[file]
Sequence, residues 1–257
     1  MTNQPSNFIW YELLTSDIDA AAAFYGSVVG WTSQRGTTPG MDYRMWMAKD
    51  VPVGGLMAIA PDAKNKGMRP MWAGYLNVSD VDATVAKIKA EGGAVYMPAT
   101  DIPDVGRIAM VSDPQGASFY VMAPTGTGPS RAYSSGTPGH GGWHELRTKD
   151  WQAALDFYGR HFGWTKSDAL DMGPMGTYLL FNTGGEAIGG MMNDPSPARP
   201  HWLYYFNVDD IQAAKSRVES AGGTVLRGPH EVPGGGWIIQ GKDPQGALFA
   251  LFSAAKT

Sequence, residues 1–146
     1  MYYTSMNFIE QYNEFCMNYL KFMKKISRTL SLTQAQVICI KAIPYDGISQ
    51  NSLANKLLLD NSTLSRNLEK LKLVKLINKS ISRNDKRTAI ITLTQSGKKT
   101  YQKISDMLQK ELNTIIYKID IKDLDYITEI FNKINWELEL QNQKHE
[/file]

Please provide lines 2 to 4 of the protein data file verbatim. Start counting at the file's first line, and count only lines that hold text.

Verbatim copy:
     1  MTNQPSNFIW YELLTSDIDA AAAFYGSVVG WTSQRGTTPG MDYRMWMAKD
    51  VPVGGLMAIA PDAKNKGMRP MWAGYLNVSD VDATVAKIKA EGGAVYMPAT
   101  DIPDVGRIAM VSDPQGASFY VMAPTGTGPS RAYSSGTPGH GGWHELRTKD